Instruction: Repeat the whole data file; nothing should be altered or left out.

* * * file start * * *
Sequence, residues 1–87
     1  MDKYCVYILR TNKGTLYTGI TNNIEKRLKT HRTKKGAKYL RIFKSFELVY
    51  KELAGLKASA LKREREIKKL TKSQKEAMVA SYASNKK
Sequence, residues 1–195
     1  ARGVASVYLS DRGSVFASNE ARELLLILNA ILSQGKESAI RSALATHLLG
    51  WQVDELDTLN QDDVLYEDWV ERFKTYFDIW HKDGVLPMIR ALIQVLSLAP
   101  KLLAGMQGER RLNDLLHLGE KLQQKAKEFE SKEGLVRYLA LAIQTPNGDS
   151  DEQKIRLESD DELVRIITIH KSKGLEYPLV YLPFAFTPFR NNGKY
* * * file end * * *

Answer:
Sequence, residues 1–87
     1  MDKYCVYILR TNKGTLYTGI TNNIEKRLKT HRTKKGAKYL RIFKSFELVY
    51  KELAGLKASA LKREREIKKL TKSQKEAMVA SYASNKK
Sequence, residues 1–195
     1  ARGVASVYLS DRGSVFASNE ARELLLILNA ILSQGKESAI RSALATHLLG
    51  WQVDELDTLN QDDVLYEDWV ERFKTYFDIW HKDGVLPMIR ALIQVLSLAP
   101  KLLAGMQGER RLNDLLHLGE KLQQKAKEFE SKEGLVRYLA LAIQTPNGDS
   151  DEQKIRLESD DELVRIITIH KSKGLEYPLV YLPFAFTPFR NNGKY